Feast Week Mission Briefing: Kansas in the Orlando Classic

Posted by Kory Carpenter on November 27th, 2014

In a loaded Feast Week of action, several Big 12 schools will head to a neutral site to take on all comers and hopefully build their resumes. Let’s take a look at each, this time with Kansas in the Orlando Classic.

Catching Up: Bill Self claimed that his team would eventually forget all about that 32-point drubbing at the hands of Kentucky last week in the Champions Classic. An Orlando Classic championship would certainly help. So far, the Jayhawks have really only proved they can beat bad teams, defeating UC-Santa Barbara and Rider at home. Self has mixed up his starting lineup so far and its unclear if or when he will settle on the same five guys every night. Junior forward Perry Ellis leads the team with 11.3 PPG. Five-star freshman forward Cliff Alexander is second on the team with 5.3 RPG and had 10 points on 4-4 shooting in just 13 minutes earlier this week against Rider. Freshman point guard Devonte Graham sat out last game with a sprained shoulder, but he should be able to go this week in Orlando. Ukrainian freshman guard Sviatoslav Mykhailiuk received his first career start against Rider and did not disappoint, going 4-for-7 from the field with 10 points and five rebounds.

Bill Self is still trying to find the right rotation this year. (KUSports.com)

Bill Self is still trying to find the right rotation this year. (KUSports.com)

Opening Round Preview: The Jayhawks open up the tournament against Rhode Island, an undefeated Atlantic-10 club which most recently defeated #21 Nebraska. The Rams are 13th in the country with 45 RPG and are led in scoring by sophomore guard E.C Mathews, who is averaging 16.3 PPG. Mathews had 26 points in the win over Nebraska, but it took him 20 shots to get there. As a team the Rams are first in the country in offensive rebounding percentage (19.1) and their opponents have shot just 20.7 percent from three. They haven’t done much better themselves, however, shooting 21.9 percent from beyond the arc through three games. In the win over Nebraska, both teams combined to shoot 6-39 from three-point range. It’s hard to imagine Rhode Island staying in this game if Kansas can reach the 70-point mark. The Rams scored 72 against Umass-Lowell and 53 in regulation against Nebraska. They were able to win both games because of their defense, and they will have to play even better defensively to keep the Jayhawks in that neighborhood.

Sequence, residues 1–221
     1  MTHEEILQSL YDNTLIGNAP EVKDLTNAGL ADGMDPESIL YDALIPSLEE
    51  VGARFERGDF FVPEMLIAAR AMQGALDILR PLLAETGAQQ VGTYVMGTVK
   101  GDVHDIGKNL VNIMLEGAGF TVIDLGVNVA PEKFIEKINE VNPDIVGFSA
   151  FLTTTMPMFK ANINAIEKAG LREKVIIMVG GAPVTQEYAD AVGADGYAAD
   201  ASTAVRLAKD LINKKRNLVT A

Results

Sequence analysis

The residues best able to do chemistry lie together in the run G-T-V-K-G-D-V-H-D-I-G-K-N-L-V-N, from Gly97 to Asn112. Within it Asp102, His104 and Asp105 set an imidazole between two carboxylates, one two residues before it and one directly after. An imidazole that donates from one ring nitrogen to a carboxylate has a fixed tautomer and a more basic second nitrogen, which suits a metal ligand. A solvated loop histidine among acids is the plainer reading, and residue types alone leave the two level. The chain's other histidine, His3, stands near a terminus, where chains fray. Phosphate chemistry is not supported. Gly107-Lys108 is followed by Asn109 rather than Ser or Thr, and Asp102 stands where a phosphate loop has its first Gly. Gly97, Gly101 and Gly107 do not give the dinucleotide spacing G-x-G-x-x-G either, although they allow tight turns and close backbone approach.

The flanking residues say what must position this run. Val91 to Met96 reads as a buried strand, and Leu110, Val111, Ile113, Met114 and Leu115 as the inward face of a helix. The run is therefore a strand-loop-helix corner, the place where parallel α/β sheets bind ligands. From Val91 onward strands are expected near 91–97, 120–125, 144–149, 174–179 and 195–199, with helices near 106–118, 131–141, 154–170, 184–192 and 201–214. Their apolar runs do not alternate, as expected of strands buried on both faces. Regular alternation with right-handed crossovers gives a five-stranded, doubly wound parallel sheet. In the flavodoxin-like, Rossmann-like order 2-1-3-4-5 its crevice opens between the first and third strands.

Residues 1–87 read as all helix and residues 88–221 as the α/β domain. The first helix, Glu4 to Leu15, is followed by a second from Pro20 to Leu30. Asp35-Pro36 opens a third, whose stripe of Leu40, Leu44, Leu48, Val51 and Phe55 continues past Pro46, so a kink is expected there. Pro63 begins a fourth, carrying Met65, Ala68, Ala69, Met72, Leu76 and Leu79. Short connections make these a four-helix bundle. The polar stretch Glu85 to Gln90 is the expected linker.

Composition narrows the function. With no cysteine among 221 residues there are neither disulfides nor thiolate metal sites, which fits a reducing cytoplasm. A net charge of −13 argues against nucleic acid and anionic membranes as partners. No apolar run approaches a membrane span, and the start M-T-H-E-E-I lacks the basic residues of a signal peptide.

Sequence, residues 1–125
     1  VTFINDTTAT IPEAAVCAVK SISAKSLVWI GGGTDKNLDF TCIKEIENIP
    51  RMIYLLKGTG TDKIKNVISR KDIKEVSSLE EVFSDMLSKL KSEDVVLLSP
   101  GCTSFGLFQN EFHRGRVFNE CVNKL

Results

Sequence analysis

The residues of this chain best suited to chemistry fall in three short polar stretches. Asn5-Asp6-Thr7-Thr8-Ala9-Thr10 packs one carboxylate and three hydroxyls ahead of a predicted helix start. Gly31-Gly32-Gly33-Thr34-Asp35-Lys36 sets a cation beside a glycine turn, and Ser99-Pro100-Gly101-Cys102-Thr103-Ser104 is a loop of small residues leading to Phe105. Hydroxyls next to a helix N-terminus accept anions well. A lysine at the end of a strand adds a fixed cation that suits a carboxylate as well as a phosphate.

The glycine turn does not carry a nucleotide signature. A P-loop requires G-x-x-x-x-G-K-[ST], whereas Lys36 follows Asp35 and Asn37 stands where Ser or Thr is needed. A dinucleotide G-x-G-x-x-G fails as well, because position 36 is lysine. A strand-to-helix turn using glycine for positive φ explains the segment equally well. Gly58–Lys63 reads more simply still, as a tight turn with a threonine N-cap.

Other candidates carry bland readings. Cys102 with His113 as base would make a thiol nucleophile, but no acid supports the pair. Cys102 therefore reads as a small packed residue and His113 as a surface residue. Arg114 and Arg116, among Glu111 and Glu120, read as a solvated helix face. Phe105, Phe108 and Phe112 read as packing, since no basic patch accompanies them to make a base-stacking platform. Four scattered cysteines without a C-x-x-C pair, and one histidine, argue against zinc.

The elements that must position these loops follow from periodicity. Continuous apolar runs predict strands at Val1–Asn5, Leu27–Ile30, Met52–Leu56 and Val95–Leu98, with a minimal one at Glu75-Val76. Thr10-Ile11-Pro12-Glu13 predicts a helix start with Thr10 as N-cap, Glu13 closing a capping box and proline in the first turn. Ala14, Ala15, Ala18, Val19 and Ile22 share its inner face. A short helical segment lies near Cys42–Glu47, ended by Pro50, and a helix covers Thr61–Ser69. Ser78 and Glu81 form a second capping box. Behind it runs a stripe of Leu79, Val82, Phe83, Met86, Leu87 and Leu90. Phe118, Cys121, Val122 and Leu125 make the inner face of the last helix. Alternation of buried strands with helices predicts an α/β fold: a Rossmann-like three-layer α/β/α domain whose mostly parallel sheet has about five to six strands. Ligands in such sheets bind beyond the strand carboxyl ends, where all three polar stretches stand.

Key Resume Opportunities: Bill Self mentioned that he’d really like to win this tournament after striking out the last couple of years in the Battle for Atlantis and the Maui Invitational. But a nice big trophy shouldn’t be the only motivation for playing well this week. If the Jayhawks don’t win this tournament, it means they likely missed their only real chance at building their NCAA Tournament resume. Michigan State is ranked 13th on KenPom.com, and that’s about the only quality win Kansas could acquire in Orlando. Rhode Island is 103rd, Tennessee (who the Jayhawks would likely face in the second round if they beat Rhode Island) is 76th, and the rest of the bracket features Rider (191st), Marquette (123rd), Santa Clara (137th), and Georgia Tech (90th). Kansas and Michigan State should meet on Sunday in the championship. Any other outcome would not be good for Kansas. They won’t need a win over the Spartans to make the NCAA Tournament or anything that severe, but not making the championship game or playing another team in that spot wouldn’t be as fulfilling.

Outlook: Kansas is still a work in progress but they have too much talent on the floor and on the bench not to make the championship on Sunday afternoon. This is a relatively weak field which is set up perfectly for a Kansas/Michigan State showdown, and Bill Self owes Tom Izzo after the Spartans beat the Jayhawks in the 2012 Champions Classic and 2009 Sweet 16. Without a player over 6’8″, Rhode Island is a good matchup for Kansas. They won’t be able to exploit an apparent weakness of Bill Self’s team, which appears to be rim protectors. The same can be said for Tennessee, which doesn’t have a single player over 6’8″ with a possession percentage over 14 percent. As we saw in Indianapolis against Kentucky, this Kansas team has plenty to learn and is far from a finished product. But I would be shocked if they don’t sleep walk into the finals against Michigan State. Anything else would be seen as a disappointment.

KoryCarpenter (150 Posts)

Share this story

Leave a Reply

Your email address will not be published. Required fields are marked *